It has been a rough week for cryptocurrencies in India. Debjani Ghosh, head of the Indian National Association of Software and Services Companies (NASSCOM), has come out in support of government’s stance on cryptocurrency, barely a week after a man was arrested for running India’s first bitcoin ATM kiosk.
She stated that cryptocurrencies are illegal and everyone should obey the law. “It is the law of the land and hence, we have to work with it,” Ghosh urged crypto enthusiasts and investors in India.
Before she made the statement yesterday, the first Bitcoin ATM was launched in the country, courtesy of Unocoin co-creator Harish BV.
Although the local law enforcement officers confiscated the ATM, Harish argued that “the minister’s statement was clear: Cryptocurrencies are not legal tender in India. He did not say ‘illegal tender.’ There’s a huge difference. It means you bear the risk of your investment and there’s no regulation for the industry.”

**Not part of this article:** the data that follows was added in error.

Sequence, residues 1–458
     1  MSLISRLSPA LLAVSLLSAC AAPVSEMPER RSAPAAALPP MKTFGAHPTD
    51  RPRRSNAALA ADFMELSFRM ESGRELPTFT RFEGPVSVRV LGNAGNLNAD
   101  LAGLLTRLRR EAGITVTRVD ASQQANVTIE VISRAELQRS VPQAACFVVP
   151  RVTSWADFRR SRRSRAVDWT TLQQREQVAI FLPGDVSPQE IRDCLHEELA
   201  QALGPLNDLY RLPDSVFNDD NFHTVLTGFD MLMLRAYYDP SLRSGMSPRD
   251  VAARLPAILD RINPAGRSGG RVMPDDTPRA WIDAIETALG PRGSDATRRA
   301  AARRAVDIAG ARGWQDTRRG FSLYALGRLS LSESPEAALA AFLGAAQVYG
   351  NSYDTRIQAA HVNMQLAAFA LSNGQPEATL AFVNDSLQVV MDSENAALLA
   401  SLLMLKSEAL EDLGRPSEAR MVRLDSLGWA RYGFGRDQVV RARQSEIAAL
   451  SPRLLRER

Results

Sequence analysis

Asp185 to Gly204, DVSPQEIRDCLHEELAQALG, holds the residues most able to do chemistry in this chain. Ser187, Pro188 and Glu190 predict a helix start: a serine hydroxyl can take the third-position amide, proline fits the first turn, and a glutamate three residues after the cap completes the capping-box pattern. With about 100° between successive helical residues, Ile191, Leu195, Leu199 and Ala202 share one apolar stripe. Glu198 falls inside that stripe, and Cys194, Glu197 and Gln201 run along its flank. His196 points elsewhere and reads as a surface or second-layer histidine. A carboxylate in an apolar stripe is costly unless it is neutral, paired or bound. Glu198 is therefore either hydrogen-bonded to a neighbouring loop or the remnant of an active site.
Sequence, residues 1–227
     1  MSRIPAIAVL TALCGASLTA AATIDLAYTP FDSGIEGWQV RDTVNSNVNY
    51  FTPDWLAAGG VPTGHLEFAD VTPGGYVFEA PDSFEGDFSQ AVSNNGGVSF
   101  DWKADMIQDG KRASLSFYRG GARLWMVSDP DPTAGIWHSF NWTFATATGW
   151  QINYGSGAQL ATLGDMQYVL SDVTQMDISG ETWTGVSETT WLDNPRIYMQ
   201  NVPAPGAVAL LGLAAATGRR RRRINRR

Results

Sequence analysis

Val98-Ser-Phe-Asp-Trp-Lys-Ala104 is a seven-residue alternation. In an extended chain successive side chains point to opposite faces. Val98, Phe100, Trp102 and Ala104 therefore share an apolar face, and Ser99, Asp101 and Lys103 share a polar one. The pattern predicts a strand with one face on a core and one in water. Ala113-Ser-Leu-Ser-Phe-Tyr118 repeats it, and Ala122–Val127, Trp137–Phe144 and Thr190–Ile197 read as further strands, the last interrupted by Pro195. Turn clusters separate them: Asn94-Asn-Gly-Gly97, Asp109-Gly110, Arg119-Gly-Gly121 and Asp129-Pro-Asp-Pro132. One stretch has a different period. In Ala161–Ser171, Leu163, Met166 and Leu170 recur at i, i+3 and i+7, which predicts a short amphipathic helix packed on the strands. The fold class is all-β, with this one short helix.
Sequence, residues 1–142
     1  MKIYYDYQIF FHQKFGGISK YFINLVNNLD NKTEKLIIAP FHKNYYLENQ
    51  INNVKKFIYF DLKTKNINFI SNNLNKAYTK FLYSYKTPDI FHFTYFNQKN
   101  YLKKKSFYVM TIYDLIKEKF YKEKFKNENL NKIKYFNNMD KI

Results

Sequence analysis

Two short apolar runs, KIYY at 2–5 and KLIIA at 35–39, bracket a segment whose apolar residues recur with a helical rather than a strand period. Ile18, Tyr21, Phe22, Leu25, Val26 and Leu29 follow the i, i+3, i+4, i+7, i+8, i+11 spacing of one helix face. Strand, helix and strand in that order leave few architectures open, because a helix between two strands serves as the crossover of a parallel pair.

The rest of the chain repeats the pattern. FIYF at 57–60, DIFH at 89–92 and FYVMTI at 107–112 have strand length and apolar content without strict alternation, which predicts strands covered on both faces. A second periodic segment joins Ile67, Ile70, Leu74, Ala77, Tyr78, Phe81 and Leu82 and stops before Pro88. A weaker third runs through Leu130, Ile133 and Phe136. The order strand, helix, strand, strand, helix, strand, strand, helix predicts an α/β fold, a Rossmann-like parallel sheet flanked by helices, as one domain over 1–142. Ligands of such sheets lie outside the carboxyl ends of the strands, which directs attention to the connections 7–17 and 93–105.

While India has seen the majority of its population jumping on the cryptocurrency bandwagon, cryptocurrencies are yet to have clear legal definition in the country.
While the government and the country’s central bank have maintained an unfavorable stance for digital currencies, they have shown interest in the blockchain. B.P. Kanungo, deputy governor of RBI, said:
“We recognize that the blockchain technology or the distributed ledger technology that lies beneath the virtual currencies has potential benefits for financial inclusion and enhancing the efficiency of the financial system and we also believe that they should be exploited for the benefits of the economy.”
Even as, the Reserve Bank of India is mulling possibilities of having a rupee-backed cryptocurrency, it has instructed all banks in India to sever ties with businesses dealing with cryptos.
Some cryptocurrency dealers have challenged the RBI’s decision in court. They argue that pushing digital money out of the formal banking system would be counterproductive as it puts the currency out of sight of law enforcement agencies, thus making illegal transactions easier.